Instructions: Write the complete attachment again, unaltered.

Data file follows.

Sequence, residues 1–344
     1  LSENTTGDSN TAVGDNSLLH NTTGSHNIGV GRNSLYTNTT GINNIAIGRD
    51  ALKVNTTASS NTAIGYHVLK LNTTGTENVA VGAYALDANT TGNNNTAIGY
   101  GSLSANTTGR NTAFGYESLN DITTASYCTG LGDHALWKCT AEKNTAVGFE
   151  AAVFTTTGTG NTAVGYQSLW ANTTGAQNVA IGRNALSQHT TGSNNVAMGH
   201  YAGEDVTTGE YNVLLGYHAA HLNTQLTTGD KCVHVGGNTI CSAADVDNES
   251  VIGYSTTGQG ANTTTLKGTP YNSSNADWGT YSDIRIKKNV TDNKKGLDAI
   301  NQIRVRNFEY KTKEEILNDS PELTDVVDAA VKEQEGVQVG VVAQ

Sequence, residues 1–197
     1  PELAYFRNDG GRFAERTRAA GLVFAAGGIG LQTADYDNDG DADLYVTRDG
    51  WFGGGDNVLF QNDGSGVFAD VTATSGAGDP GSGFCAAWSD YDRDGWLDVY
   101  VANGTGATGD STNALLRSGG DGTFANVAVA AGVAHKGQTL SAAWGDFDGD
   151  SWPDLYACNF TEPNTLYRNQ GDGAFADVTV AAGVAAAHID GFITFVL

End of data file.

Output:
Sequence, residues 1–344
     1  LSENTTGDSN TAVGDNSLLH NTTGSHNIGV GRNSLYTNTT GINNIAIGRD
    51  ALKVNTTASS NTAIGYHVLK LNTTGTENVA VGAYALDANT TGNNNTAIGY
   101  GSLSANTTGR NTAFGYESLN DITTASYCTG LGDHALWKCT AEKNTAVGFE
   151  AAVFTTTGTG NTAVGYQSLW ANTTGAQNVA IGRNALSQHT TGSNNVAMGH
   201  YAGEDVTTGE YNVLLGYHAA HLNTQLTTGD KCVHVGGNTI CSAADVDNES
   251  VIGYSTTGQG ANTTTLKGTP YNSSNADWGT YSDIRIKKNV TDNKKGLDAI
   301  NQIRVRNFEY KTKEEILNDS PELTDVVDAA VKEQEGVQVG VVAQ

Sequence, residues 1–197
     1  PELAYFRNDG GRFAERTRAA GLVFAAGGIG LQTADYDNDG DADLYVTRDG
    51  WFGGGDNVLF QNDGSGVFAD VTATSGAGDP GSGFCAAWSD YDRDGWLDVY
   101  VANGTGATGD STNALLRSGG DGTFANVAVA AGVAHKGQTL SAAWGDFDGD
   151  SWPDLYACNF TEPNTLYRNQ GDGAFADVTV AAGVAAAHID GFITFVL